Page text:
Scale-out is possible by coupling up to 4 of any Nimble arrays into 1 cluster. You can mix and match array types in a simple configuration, performance is linearly scaled.




The hardware is similar to the AF-series. Head shelf with additional expansion shelves, 4U and 24 3,5” slots. However in this hybrid model there are 21 HDD drives and 3 DFC slots for 6 SSD drives.


The SSD drives will act as caching tier for the HHD drives. When expansion shelves are added, all these shelves must have SSD’s populated as well.

Connectivity options at the back are the same as the AF-series.

The same features for scale-up/scale-deep/scale-out remain the same as well.




The SF-series are again similar systems with some specific features:

  • Dedupe on hybrid (inline dedupe)
  • Memory tradeoff for higher dedupe capacities
  • Write throughput capped
  • Read-write IOPs is lower

Which makes this array ideal in backup and dev/test environments.



Nimble OS is the firmware running on all Nimble arrays. Exact the same version runs on all 3 types of series available today. At the time of publication Nimble just announced its newest version 4.0 of Nimble OS.

A feature release is to be expected every 6 to 9 months, we’ll see how this evolves inside HPE.

The Nimble UI is rather straightforward with all the information you can expect from a storage array: space, performance, events, hardware status and protection level.


Further they have their own MPIO plugin (Nimble Connection Manager) for the most popular OS’s in this world. Further there is tight integration with VMware vCenter (look further).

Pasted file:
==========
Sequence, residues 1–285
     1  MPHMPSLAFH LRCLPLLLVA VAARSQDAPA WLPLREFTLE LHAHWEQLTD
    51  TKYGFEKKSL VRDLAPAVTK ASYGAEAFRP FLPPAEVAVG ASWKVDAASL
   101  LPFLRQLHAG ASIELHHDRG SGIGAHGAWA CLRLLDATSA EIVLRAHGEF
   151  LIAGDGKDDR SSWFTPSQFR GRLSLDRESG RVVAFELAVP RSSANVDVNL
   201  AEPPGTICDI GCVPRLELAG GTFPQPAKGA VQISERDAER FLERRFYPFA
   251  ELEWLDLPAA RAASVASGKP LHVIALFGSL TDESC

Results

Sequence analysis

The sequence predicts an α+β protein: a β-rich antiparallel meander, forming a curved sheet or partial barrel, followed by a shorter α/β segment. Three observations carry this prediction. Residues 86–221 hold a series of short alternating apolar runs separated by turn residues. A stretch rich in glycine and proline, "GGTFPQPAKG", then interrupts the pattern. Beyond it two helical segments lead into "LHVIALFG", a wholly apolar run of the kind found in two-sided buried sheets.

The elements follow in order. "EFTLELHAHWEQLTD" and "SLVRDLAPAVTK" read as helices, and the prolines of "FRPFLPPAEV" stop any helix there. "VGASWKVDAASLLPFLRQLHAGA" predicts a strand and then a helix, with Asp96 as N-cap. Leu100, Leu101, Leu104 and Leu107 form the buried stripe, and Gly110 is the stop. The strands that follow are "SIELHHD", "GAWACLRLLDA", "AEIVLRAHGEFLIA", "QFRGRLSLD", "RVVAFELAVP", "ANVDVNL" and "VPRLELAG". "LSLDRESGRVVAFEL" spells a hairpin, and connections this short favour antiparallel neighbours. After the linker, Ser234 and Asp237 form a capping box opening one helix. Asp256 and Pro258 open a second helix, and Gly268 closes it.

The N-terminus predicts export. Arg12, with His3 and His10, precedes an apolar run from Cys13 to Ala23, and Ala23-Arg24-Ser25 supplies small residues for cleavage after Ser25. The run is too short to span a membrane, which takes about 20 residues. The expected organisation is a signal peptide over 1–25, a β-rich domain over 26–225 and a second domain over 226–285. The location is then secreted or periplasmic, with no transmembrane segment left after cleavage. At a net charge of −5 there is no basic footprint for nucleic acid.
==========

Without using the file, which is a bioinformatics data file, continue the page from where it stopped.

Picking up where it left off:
For me the most important feature and must-have from Nimble is the InfoSight stack.

InfoSight is a cloud based platform (https://infosight.nimblestorage.com/) that will correlate all data points measured in all Nimble systems worldwide and gives some nice added values:

  • Root cause analysis of performance issues
  • Pinpoint noisy neighbor VM’s
  • Repurpose underutilized hosts
  • Avoid unnecessary upgrades

All this information is stored in a (really) big Vertica database (today 650TB and growing).


Nimble states that with all Nimble systems installed worldwide they measured >99,9999% availability and could predict and prevent 86% of detected issues being solved and closed automatically. They guarantee as well less than 1 minute to get a Level3 engineer on the phone. Resulting in a high customer satisfaction.


By measuring all this, Nimble detected that more than half of the problems happen outside the storage array. With the tight vCenter integration InfoSight has a full view on the entire stack, from VM up to the disk, and all in between.


Can’t wait to see InfoSight running on HPE 3PAR as well. 2017 will be a challenging year at HPE storage!

As soon there are more details on the roadmap of Nimble inside HPE you will find all the information here!


My friend Calvin Zito aka HPEStorageGuy created a cool ChalkTalk and a blog post on Nimble, check it out as well!